Speaker 3: Thank you very much General. The name is Ewan Grant, institute of Statecraft. Before that I the UK law enforcement analyst for the Soviet Union and I was in Kiev in April 2014 on a European Union commission project where I’m afraid to say, large numbers, although not the ambassador in the EU delegation were carrying on as if it were business as usual. So really it was most disturbing, although not universal. So my question is about your very pregnant comments about the information warfare, I’m not talking about technical details but are there any areas where you think we are ready to go on this? Or any areas of real concern? I have great concern about certain aspects of academia in Britain and I suspect that is repeated in some parts of continental Europe. Thank you.

 

General Philip M. Breedlove: I’ll answer this in 2 ways because, that very last part I thought I knew where you were heading with your question. I believe that our 2 nations and other nations in NATO are absolutely capable for information warfare. I mean this sounds flipping, but it’s not. We have Hollywood, if we can’t tell a story, if we can’t figure out how to communicate, shame on us. So we have the people and the know-how and frankly military people trained in these skills to enter into an information campaign but we do not have the policy to do that and in most western democracies there is a debate inside of the democracy about who owns information warfare. Is it the foreign ministry? Is it the department of defence? Is it the intelligence agencies? And so we have not organized ourselves around being able to employ information warfare we need policy and in a soldiers term we need mission type orders. You’ve got the mission, here are your broad boundaries left and right. Here’s your capabilities, you have responsibility, authority and now you have accountability, move out. We haven’t gotten to the point yet and so we are not returning fire in the information space.

Bob Seely: Sorry to interrupt but isn’t there a larger problem with that? The Russians see information, like they see the church, as something instrumental to be manipulated for some really quite tactical and operational ends and the problem through society is that is it perhaps difficult or very unwise to be in that same game where our information warfare power for a better term, because the BBC isn’t controlled by the government. But it comes because the Anglian church wouldn’t do anything the government ever said. So the fact is that we’ve got these fantastic weapons in our civilisation and in our society, but they can’t be directed by the government.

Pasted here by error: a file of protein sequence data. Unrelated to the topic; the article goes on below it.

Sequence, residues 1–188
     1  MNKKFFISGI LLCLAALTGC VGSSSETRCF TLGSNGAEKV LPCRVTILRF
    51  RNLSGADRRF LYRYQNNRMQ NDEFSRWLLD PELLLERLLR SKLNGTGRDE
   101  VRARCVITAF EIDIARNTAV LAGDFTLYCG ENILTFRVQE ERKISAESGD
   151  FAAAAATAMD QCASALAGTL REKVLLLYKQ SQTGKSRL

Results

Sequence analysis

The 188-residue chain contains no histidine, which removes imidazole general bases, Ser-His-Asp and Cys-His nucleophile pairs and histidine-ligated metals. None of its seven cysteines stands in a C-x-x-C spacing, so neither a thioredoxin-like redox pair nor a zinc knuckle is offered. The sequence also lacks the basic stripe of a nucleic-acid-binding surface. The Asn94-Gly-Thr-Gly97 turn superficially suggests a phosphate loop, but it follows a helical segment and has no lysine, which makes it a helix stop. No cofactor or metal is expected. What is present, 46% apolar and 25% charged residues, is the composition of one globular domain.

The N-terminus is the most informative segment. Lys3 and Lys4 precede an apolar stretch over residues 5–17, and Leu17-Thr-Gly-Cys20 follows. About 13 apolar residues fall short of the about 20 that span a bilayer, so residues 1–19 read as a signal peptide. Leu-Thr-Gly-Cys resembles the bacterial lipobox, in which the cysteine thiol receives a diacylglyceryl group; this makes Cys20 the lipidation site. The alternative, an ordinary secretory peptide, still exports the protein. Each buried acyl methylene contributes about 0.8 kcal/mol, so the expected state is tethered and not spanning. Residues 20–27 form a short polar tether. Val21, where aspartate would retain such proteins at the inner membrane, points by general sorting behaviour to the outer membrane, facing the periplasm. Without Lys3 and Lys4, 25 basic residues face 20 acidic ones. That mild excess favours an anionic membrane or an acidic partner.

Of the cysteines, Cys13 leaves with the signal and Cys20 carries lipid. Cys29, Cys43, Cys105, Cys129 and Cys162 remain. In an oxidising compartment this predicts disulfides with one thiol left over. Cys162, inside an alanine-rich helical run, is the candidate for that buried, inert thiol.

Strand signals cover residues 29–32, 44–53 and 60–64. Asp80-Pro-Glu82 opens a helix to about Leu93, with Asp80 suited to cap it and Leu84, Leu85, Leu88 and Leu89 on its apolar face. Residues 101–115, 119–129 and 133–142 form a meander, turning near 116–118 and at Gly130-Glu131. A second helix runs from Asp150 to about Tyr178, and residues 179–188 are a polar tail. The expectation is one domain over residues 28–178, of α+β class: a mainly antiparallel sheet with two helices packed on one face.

General Philip M. Breedlove: So I am in violent agreement. And I would never as a commander sign up to public disinformation in order to enter into these spaces. But what we haven’t even begun is the telling of the truth. As you said, when Crimea was happening I was exposed to all of this exquisite intelligence but made it very clear that it was the Russians. So how do we get this story out? Because the story in the press was the Russian story. We’re not there, those green men are not us and the nations were embracing that and were saying “yeah, prove it to us” So the ability to tell the truth is what I’m asking and telling. That we have to vigorously tell the truth. And we cannot respond for every little attack. Here’s something for you to research. When MH-17 was shot down in Eastern Ukraine within just a few minutes over 2 hours, the Russians had 4 different stories on the street about how the west did that and how America had done that one of the stories was so ludicrous that CIA had bought an old airplane and filled it with cadavers from our hospitals and crashed it in order to blame it on the Russians. So 4 stories out in a little bit more than 2 hours. How long did it take the West to debunk those 4 stories? A couple of days over 2 years. Our friends in the North and the Malaysians who had lost the most they ran the investigation and 2 years later debunked them. So if they can create these stories in hours and we take years to debunk them, we can’t meet them tit for tack for everything. We need to pick those central truths that are important and tell them vigorously and we have magnificent ways to do that.